She advised that Bayer had created project platforms to fuel this change, for example the Youth Summit that was held last year in Brazil. The biennial event brought together 100 youth leaders from around the world to network, engage in discussions and strengthen their project development skills.

“The ultimate goal is to prepare them to undertake concrete actions to address one of humanity’s most pressing issues: how to feed a hungry planet using fewer natural resources. IICA played a key role in that Summit, by suggesting young leaders from across the region who could participate”, she explained, pointing out that IICA was also among the organizations selected to mentor the young Latin American leaders.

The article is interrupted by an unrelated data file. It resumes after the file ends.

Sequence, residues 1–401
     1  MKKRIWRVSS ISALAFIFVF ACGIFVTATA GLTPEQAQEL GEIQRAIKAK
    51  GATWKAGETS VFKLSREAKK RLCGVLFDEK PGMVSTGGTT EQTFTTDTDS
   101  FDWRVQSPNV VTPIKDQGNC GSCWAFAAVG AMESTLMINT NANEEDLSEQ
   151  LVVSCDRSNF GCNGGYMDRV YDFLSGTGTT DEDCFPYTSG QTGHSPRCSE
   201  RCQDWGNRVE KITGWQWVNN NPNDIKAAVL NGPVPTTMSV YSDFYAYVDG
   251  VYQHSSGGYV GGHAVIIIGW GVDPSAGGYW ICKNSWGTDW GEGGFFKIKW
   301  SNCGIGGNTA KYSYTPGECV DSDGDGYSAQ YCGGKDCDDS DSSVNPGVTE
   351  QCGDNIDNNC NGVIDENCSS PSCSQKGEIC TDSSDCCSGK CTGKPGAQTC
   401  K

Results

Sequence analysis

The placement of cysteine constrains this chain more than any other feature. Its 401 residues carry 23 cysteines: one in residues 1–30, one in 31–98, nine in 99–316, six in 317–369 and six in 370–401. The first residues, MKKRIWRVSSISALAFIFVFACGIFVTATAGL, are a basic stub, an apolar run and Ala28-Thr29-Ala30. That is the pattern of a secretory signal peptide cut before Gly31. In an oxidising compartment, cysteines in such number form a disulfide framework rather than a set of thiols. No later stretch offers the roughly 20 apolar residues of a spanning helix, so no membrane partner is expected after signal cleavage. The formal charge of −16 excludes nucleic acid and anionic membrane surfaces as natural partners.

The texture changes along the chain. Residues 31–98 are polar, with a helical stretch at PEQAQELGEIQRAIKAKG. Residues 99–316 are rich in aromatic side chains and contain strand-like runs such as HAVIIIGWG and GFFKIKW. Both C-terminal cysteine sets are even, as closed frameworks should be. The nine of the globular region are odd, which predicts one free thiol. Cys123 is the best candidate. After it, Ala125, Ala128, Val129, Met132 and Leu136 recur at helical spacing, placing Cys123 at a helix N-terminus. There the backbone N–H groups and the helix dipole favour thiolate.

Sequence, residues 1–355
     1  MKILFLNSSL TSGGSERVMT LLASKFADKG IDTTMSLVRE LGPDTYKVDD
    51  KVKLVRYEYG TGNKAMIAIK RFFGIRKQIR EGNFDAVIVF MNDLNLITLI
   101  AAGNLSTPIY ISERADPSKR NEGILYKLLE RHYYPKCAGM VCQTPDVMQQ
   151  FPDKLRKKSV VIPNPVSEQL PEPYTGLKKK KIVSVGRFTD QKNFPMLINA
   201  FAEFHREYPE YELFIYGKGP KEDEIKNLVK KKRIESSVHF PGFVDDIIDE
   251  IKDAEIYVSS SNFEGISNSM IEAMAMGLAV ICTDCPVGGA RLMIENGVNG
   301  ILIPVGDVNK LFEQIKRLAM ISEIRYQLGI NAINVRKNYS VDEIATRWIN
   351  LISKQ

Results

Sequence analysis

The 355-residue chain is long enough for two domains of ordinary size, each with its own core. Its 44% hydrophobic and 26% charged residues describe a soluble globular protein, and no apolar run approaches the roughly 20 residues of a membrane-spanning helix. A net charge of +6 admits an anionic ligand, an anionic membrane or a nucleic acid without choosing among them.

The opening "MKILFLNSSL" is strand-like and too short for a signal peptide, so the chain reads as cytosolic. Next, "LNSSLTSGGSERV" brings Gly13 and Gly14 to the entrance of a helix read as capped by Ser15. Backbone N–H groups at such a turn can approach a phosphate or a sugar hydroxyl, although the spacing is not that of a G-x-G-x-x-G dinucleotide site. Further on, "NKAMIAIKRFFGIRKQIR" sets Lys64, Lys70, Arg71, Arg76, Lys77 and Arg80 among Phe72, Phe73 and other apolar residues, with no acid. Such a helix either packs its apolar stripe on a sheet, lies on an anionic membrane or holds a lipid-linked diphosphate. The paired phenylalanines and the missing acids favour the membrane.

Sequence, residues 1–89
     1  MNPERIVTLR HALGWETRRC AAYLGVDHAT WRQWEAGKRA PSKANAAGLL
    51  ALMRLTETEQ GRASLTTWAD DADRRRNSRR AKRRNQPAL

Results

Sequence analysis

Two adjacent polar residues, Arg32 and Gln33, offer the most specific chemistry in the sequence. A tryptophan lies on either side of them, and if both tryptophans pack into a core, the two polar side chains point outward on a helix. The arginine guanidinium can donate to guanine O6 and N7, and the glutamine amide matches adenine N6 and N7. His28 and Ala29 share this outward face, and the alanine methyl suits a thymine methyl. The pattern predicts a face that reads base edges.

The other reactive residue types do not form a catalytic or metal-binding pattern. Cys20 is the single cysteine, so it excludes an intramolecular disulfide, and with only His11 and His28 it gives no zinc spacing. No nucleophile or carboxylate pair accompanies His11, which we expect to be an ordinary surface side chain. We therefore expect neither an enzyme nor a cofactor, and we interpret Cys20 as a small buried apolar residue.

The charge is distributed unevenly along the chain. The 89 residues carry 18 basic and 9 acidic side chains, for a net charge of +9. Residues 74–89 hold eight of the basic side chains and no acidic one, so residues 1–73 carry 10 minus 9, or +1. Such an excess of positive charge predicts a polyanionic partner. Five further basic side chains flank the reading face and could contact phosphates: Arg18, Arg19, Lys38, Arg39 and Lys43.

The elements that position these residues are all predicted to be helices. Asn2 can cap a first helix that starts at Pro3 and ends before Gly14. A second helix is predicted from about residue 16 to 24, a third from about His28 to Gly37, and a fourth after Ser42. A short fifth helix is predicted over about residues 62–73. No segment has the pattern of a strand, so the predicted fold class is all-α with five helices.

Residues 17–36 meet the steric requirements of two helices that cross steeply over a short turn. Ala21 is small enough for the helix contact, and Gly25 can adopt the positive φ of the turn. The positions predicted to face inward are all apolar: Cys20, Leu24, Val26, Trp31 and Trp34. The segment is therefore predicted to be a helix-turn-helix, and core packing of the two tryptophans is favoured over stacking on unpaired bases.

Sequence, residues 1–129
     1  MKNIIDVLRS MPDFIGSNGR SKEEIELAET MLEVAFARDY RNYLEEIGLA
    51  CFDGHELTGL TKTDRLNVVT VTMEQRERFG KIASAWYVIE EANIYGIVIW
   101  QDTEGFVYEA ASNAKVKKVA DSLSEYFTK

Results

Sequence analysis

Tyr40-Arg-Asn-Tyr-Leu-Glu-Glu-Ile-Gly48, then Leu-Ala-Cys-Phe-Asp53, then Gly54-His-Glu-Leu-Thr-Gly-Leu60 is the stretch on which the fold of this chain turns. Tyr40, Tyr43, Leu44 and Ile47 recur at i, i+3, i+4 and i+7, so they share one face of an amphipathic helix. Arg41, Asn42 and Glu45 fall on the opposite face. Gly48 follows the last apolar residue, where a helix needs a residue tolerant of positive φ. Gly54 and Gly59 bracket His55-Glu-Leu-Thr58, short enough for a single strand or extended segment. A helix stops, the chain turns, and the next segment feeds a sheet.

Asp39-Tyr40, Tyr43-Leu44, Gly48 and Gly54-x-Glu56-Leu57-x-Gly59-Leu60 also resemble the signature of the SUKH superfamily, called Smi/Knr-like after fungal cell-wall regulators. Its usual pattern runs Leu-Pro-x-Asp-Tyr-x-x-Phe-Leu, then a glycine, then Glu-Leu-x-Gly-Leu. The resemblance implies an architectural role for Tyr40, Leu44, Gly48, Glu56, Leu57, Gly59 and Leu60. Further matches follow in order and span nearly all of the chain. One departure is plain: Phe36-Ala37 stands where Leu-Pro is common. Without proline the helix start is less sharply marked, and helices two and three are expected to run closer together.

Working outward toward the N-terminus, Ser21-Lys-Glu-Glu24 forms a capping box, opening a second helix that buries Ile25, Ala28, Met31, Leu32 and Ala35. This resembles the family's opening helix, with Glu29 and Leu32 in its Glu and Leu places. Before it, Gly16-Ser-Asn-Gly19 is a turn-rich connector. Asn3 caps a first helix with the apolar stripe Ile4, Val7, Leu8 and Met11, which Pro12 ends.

“Amidst the current crisis, it is more important than ever to gain access to new skills, and when we talk about how to create greater equality, we must realize that it is more important than ever to generate skills and to ensure that in generating skills, we also provide equal opportunities to different sectors of the society and economy”, emphasized Castro, who is in charge of driving commercial strategies and objectives and artificial intelligence for Microsoft Latin America.

She stressed the need for training, as a means of fueling digital transformation, particularly in the region. “We have to consider how we will translate developments in artificial intelligence into tools, products and services that organizations and society in general can truly utilize. We must work together with institutions from different sectors to drive the region’s digital development”, she insisted, referring to the training platform developed by Microsoft and IICA, as just one initiative in which the technological giant had invested to provide internet access to various rural areas.